Photo by Matt Dell
The latest in a series of interviews with artists who have a significant body of work that makes use of or responds to network culture and digital technologies.
bod [包家巷] - 'Emergence [紧急情况]' (2018) Courtesy of ZOOM LENS
Lauren Studebaker: You work in a variety of mediums, most recently releasing a digital EP, Soliloquy of the Distant Home, under the pseudonym bod [包家巷]. Could you begin by introducing the multiple manifestations of your work, and why lately you’ve felt drawn to producing sound?
Nick Zhu: I moved to Los Angeles and I didn’t have the ability to really make anything while I also tried not to die from poverty. I was kind of making images, I just couldn’t really do very much at all in terms of making.
I think I went back to music because it’s always been in my life. My mom noticed I could play, and then made me play piano (stereotypically) when I was four. I took lessons from a family friend. I got a scholarship into a choir. I played jazz in middle and high school. In college I made music that I don’t want anyone to hear, except for the one track on my SoundCloud.
It only took over as a dominant practice when I came to LA.
Now that I think about it, making anything kind of sucks. Maybe that’s why I’m drawn to it, I don’t know. At least with music I get to perform, which feels good. Making never feels good. Sometimes problem solving is fun, but it’s not definitively “fun” to make art or music. It’s work.
So I guess it’s a “at least I get this one small thing” type decision. Story of my life, hahahahaha.
LS: Your music, especially your newest EP, is haunting, heavy, and uniquely expansive in source material. Your compositions are based on samples “of construction machinery, horror movies, Chinese dramas, choir music, abuse/violence, DJ spinbacks, and, of course, piano music”—why these specific sounds?
NZ: Oooooh, shit.
Construction machinery: I was working at MOCA as AV/Exhibitions Tech at the time, and even when I became director of photography there, I was still around a ton of construction. Lifts going beep beep and saws cutting shit and hammers; it was really like this kind of fetish/torture that people went through for the sake of art and helping rich people launder their money, and it was a part of my life, and it was interesting, in, like, a car crash kind of way.
Horror movies: I loooove horror movie sound design. Not necessarily from “good” movies, or even “good” “bad” movies. I’m just going into YouTube and looking at the trailers and jump scares and stuff. There’s so much good craft spent on just spooking someone, and much of it is so beautiful, all the gorgeous, wet, disgusting sounds. Also, I like watching them. “Like,” as in a “I’m bored and stoned” kind of like.
Chinese dramas: My mom’s Chinese, and literally all she watched (and probably still watches) is Chinese TV, with favoritism towards war dramas demonizing Japanese people, or regular ol’ families falling apart type shit. Stuff she relates to. And I was there...or, I guess I would pass through the room as quickly as possible after getting home. But all the sounds stuck.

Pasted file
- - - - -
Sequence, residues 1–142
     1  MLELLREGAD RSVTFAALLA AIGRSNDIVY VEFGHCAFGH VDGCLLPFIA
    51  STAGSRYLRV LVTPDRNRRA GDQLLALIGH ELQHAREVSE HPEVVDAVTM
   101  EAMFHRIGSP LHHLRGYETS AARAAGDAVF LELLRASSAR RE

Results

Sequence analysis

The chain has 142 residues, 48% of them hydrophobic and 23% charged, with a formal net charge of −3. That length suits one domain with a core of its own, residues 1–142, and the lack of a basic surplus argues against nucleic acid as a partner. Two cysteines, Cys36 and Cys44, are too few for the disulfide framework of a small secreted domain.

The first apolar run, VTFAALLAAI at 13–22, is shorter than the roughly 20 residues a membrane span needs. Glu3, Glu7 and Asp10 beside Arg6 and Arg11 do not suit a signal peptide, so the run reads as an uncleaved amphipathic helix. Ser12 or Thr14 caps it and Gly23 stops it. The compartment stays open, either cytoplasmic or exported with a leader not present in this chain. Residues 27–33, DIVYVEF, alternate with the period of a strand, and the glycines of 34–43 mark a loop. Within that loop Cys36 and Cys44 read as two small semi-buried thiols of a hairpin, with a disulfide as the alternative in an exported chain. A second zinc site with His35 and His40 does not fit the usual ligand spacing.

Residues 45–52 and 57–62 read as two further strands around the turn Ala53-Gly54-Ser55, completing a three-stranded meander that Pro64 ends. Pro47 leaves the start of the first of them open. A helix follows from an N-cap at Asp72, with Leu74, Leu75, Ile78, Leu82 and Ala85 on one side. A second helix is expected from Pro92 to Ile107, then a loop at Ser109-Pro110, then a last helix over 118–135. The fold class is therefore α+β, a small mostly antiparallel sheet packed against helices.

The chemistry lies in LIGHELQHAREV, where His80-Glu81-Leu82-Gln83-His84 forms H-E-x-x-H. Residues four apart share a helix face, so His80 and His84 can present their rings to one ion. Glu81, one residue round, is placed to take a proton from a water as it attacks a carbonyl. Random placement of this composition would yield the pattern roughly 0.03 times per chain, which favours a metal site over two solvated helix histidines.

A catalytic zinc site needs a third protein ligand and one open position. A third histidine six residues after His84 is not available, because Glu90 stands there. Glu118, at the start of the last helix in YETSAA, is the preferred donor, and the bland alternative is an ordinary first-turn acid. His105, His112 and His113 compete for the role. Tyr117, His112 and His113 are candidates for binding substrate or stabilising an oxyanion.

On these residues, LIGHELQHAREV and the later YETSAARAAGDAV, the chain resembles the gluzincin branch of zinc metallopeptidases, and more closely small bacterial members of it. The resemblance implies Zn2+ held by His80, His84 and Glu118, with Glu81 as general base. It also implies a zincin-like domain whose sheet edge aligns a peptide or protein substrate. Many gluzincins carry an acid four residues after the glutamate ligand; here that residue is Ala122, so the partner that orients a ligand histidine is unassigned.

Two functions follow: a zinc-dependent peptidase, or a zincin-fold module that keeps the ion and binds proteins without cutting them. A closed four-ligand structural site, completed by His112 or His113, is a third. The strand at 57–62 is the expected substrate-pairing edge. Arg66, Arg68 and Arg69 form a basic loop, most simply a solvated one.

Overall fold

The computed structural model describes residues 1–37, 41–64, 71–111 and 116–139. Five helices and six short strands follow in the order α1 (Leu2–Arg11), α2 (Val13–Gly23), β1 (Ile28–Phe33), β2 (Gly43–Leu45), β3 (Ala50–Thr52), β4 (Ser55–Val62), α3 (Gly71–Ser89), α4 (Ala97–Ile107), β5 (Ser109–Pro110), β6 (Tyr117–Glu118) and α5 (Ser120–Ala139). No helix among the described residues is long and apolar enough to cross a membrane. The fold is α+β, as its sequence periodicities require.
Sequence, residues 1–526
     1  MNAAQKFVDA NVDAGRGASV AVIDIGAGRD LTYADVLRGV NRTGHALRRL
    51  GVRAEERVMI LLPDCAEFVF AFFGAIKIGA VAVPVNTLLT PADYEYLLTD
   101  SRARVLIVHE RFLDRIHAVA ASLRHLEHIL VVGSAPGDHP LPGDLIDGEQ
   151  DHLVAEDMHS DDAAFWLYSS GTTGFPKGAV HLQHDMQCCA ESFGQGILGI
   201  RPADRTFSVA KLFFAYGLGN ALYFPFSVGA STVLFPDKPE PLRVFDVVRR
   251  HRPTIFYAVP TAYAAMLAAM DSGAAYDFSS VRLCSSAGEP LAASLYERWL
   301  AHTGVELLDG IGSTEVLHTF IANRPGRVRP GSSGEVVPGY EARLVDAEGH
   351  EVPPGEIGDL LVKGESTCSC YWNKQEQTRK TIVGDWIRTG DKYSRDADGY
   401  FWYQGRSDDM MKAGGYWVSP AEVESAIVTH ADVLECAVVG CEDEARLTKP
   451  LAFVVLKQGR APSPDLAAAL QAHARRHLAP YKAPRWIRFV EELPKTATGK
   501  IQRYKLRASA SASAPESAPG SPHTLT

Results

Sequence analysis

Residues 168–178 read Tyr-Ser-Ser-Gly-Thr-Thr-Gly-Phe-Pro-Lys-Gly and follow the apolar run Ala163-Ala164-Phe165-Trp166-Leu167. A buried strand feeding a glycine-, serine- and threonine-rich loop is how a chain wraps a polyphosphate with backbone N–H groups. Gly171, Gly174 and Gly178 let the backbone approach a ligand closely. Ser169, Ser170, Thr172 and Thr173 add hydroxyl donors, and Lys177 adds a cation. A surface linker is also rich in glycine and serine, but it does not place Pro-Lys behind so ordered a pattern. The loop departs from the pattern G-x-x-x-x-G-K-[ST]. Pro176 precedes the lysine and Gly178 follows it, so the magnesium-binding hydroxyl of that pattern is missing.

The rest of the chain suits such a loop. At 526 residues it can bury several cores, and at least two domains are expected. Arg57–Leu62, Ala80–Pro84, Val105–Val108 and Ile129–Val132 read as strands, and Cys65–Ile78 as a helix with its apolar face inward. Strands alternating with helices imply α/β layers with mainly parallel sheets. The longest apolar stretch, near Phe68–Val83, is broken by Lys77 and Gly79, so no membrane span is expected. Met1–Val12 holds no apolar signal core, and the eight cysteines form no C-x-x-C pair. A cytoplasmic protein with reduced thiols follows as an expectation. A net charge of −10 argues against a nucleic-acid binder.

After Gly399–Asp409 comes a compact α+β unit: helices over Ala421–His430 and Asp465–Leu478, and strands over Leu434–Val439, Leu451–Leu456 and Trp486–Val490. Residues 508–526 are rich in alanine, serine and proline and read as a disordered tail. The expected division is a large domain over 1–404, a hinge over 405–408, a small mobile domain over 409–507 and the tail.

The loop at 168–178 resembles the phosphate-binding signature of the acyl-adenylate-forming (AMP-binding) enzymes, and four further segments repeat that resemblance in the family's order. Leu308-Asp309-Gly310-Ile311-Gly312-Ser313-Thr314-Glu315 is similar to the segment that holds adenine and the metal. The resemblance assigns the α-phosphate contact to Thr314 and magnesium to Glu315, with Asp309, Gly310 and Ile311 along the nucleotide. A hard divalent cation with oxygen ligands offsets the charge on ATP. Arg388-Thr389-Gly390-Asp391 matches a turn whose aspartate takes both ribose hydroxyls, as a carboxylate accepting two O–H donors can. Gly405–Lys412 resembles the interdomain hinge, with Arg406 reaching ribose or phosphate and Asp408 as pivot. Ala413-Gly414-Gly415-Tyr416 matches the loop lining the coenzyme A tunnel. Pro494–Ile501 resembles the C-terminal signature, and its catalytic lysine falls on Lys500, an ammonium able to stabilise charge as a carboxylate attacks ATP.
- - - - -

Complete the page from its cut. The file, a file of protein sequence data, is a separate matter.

Choir music: The choir I was in is run by this very disciplined Catholic guy, who is all about good craft and God. This shit fucked me up the most. Singing Baroque music acapella in a centuries-old mission is fucked up. Singing in a Czech cathedral is fucked up. It’s stronger than any drug I’ve ever taken. I’ve never felt tears come so easily. This is when I started to believe in God.
Abuse/violence: I don’t know about anyone else, but I’m really embedded in the cycles of trauma and abuse. Fucked up shit has happened to me, and I’ve done fucked up shit. I think it’s important to know this about myself, or as my therapist says, to be aware of the desolation that I carry inside me.
DJ spinbacks: I didn’t even know what a DJ does until I moved to LA. Then I moved here and my paragon of healing, change, and growth, Matt Dell (M.D. James), took me to all these warehouse parties, introduced me to the music that gave rise to what I make and listen to. I heard a lot of spinbacks in this initial time period, and they sounded great.
Piano music: I play piano. I make all my music with just a MIDI keyboard and mic. I will never disguise this fact. In my opinion, piano (or I guess harpsichord) was the first DAW.
Also at the end of the day I have a relationship to sound that, even if it is a fad to have, is my personal experience of it and nobody else’s. It’s my little world where C major is rounded and warm colored, where Chino Amobi’s music looks like steel wool burning on a clean sheet of glass, or malibu’s music looks like milk spilling over a pale wooden table in morning light. First rule is that it both sounds and looks pretty.
LS: Would you say that your synaesthetic relationship to the sound you produce is represented in the visual work you make?
NZ: At least on my Instagram there have been multiple instances in which music I was listening to became similar to stuff I posted, but I’ve never sat down, made a track, and then made a visual thing to go with it. It’s also unidirectional, and unfortunately I don’t get to hear sights. The most useful relationship I have between sound and sight is that I can use the materials perceived for perfect pitch, but there’s still around a 20-hertz error margin.
Cover for Soliloquy of the Distant Home [远家独白], released December 2017
LS: I was first introduced to your work via the early 2010s “weird Facebook” groups we were a part of—how do you feel like the online social element of digitally-produced artwork has informed your work over time? Do you feel like these sorts of online communities are helpful or harmful in the dissemination and historicization of your work?
NZ: Omg so much time we’ve “known” each other, hahahahahahaha. Facebook was where I really felt safe and able to actually talk to people. I felt like I could say exactly what I was feeling at that moment, and not be afraid of whether or not it was contextualized by the prison of my body. I fell in love over Facebook. I fell into vile, dark pits on Facebook. I lose and make new friends regularly.